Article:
DOWN TO EARTH SIMPLE LIVING FORUMS

DOWN TO EARTH SIMPLE LIVING FORUMS
I have a forum attached to my blog where people from all over the world meet to discuss simple life. There are about 7000 forum members now so we have an enormous amount of good information about growing food, cooking from scratch, family, simple living, routines, budgeting, baking and much more. Please click on the image above to go there. Newcomers will have to register. It's free, friendly and we're waiting for you.

2 April 2010

Chitting potatoes

If you've been lucky enough to grow potatoes in your backyard you'd know the sign you look for to indicate when you should harvest.  It's when the green potato tops die down and you're left with bare earth.  Of course, you can harvest before then, but when the top dies, you know that no more growth will follow.  If you were to go out to a commercial non-organic potato farm, you'd probably see them spray herbicide (poison) onto the crop about a week before harvest.  They give their plants a certain amount of time, then harvest.  They need to kill off the green tops so they don't make the mechanical harvesting of potatoes too difficult.  The green tops clog up the machine at worst; at best, it's just more rubbish to deal with during the harvest.

One of our many potato crops in years gone by.  The potatoes are at the back in the middle of the photo.

Potatoes are an important crop for us.  If we want to eat organic potatoes that have not been sprayed with poison a week before harvest, we have to grow them ourselves.  That's fine with me.  Home grown potatoes, like backyard tomatoes, have much more flavour than those bought at the market.  You can also "bandicoot" new small potatoes from the side of the bushes while they're still growing.  There is nothing quite like new potatoes, fresh from the garden that afternoon, simply boiled and served up with a little butter and a sprinkling of herbs.  That, my friends, is one of the perks of vegetable gardening and it doesn't matter how much you can afford to pay for your potatoes at the market, you can never buy that degree of freshness.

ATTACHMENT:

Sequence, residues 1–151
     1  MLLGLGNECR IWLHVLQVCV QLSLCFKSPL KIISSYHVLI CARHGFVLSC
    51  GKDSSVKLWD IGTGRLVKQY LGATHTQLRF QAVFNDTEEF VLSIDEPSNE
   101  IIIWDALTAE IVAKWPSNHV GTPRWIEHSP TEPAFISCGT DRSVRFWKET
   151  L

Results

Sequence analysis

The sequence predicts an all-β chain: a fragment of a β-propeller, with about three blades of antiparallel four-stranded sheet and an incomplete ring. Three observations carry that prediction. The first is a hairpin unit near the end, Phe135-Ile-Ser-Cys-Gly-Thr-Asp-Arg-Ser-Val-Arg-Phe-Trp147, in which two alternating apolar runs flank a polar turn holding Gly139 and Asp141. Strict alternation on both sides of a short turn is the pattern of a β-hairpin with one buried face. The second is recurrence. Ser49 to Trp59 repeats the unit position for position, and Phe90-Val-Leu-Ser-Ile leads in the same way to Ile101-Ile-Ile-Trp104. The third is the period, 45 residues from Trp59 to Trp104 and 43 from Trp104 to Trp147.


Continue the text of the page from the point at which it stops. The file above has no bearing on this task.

Hanno bought Sebago seed potatoes a couple of weeks ago, as they were the only type he could find, but we both wanted Dutch Cream.  We got some Nicolas from the shop, they're similar to Dutch Creams, and I spent a short time cutting them for chitting a couple of days ago.  Chitting is the process of allowing your potatoes to develop shoots before you plant them in the ground.  If the potatoes are a medium size, or small, you don't have to cut them. However, if you have larger potatoes, for the sake of economy, you can cut them in half, making sure you have shoots, or eyes on each half.  Place all the potatoes, or potato pieces in egg cartons to keep them from rolling around and so the cut sides can dry out completely.  Leave them in a shaded light area out of the sun. When the shoots are a few inches long, plant them out in the garden.